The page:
By Leigh Andrews

So, what comes to mind when I mention consumer 2.0? Is it a consumer that is active online, making use of lots of technology to communicate with brands? Is it the next version of consumer, one that is empowered and doesn’t simply accept brand messaging at face value?

From my research, it seems to be a bit of both. Added to this, no matter whether your job title is a variation of marketer, advertiser or retailer, you’re also a consumer. You need to keep this in mind when putting together marketing collateral or advertising material – to put it bluntly, you are who you are selling to, so if the message is overly complex, your market is not going to be interested.

This reminds me of the advice Draftfcb’s associate creative director, Grant Sithole shared with me when I interviewed him for a recent COUP magazine article – don’t talk down to your audience and don’t come up with a funky new way of getting your message across if you are simply taking an existing message across to a new platform. He advised: “Go ahead and tell people about your product without trying to ‘cool it up’,” and added that marketers need to learn to talk to markets without trying to make the words more ‘funky’. People in townships engage with English media all the time, so don’t talk down to them. People see through that and think you are patronising them. If you’re simply taking your existing brand message onto Facebook, you aren’t necessarily reaching a new target market, so you should talk to them the same way you would talk to consumers through a print or TV ad. “The story of your brand shouldn’t change depending on the platform you’re on. Let people live the story of your brand through your advertising ... it doesn’t matter whether you want to advertise on the iPad, the eye-patch or the iPhone.”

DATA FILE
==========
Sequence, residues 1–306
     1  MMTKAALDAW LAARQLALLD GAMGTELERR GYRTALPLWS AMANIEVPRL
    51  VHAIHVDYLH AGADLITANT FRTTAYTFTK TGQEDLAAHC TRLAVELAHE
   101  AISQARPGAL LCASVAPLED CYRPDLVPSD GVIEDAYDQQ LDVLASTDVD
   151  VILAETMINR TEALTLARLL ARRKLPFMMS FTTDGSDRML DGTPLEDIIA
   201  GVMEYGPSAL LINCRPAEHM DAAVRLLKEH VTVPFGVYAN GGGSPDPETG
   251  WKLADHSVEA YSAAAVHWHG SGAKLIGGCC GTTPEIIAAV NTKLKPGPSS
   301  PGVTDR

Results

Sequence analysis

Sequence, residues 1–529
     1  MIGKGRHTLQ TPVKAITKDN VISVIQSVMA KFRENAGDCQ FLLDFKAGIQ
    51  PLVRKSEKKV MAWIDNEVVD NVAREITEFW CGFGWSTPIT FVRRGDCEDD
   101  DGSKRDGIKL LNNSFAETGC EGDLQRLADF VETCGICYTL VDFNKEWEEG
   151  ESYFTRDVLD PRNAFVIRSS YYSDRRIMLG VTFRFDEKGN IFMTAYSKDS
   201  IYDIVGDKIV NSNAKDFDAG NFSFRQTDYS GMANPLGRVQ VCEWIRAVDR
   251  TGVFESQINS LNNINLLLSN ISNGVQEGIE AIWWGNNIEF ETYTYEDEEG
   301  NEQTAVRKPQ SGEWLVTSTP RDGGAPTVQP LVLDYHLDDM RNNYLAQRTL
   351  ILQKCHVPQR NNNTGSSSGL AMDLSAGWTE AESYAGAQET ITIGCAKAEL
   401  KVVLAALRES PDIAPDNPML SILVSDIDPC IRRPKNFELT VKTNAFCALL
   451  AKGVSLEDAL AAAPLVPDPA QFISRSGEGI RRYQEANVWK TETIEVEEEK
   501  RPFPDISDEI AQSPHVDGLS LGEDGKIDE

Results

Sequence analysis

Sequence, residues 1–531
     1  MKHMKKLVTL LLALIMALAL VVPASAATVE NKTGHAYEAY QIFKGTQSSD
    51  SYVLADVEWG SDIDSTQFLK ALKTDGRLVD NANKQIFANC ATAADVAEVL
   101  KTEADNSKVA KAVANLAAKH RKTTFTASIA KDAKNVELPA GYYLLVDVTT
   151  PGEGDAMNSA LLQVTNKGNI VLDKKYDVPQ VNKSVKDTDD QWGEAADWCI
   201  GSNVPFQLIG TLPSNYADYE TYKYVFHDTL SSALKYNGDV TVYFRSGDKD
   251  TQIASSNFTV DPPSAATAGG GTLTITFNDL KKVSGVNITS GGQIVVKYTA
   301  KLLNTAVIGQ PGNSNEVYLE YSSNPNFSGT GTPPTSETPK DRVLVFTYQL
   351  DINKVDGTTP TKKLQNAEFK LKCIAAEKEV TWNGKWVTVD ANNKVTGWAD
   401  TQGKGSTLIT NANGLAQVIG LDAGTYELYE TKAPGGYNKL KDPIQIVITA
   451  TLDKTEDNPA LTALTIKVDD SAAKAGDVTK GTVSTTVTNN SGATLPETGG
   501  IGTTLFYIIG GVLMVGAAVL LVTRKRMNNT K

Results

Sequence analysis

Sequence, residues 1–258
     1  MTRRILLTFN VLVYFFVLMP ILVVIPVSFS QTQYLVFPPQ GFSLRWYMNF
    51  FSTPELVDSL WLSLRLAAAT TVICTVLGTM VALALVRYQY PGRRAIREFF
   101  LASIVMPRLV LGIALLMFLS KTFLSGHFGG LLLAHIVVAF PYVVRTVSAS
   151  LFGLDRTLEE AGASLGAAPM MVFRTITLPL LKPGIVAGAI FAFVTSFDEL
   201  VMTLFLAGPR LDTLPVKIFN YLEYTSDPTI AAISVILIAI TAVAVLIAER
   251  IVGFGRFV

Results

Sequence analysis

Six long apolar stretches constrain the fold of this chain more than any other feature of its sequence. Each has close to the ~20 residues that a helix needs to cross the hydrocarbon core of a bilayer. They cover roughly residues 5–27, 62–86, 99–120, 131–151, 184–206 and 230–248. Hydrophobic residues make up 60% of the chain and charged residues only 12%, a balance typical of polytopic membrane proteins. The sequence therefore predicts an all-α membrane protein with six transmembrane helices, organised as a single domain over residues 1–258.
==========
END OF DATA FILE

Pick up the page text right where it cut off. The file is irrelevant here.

Stand-up comedian, Warren Robertson, also emphasised this point. Instead of using baffling ‘why are you saying that’ language, advertisers should, “Speak ... in a way that means something. Sell to them using their language, don't try to flummox them with flashy ads, a dancing guy blowing a horn and a shouty catchprase. Your audience is a lot smarter than you think and if you don't actually understand them, they won't listen.”

As Sithole alluded to, this smarter audience or ‘consumer 2.0’ is definitely active online. We voice our opinions on HelloPeter, we join a brand’s tribe by following its brand messaging on Facebook and interacting with it on Twitter. Then it’s hardly groundbreaking and has been written about before, but still fascinating to me that the trust rate for word-of-mouth or ‘word of mouse’ recommendations from friends and family is staggeringly high – Nikita Achadinha of COUP tweeted a quote from Jason Stewart of HaveYouHeard from this week’s #MarketingIndaba that Millward Brown's research shows 86% of South African talk about brands among friends and family.

At ITWeb’s CRM2.0 Summit, Peter Cheales of mentioned that we operate in a ‘customer-centric’ world, and that if service providers don’t have a specific strategy to receive feedback from their consumers, their competitors are likely to come in and steal us away as products on the market become more identical, with level of service as the only differentiating factor.

This links to a comment Lindsey Kin made early last year in a blog she wrote about the i-consumer. The fact that we are so connected and now have a direct line to ‘speak’ to brands means we now expect immediate responses and instant satisfaction. Kin explained, “Digital mediums and the social media explosion, have provided the i-consumer with an extraordinary platform from which to share information; express themselves; and keep their life in order - now more than ever, this generation is online.”

So there you have it; we have evolved along with technology. What are your thoughts on marketing to today’s super-connected consumer? Share them on our blog.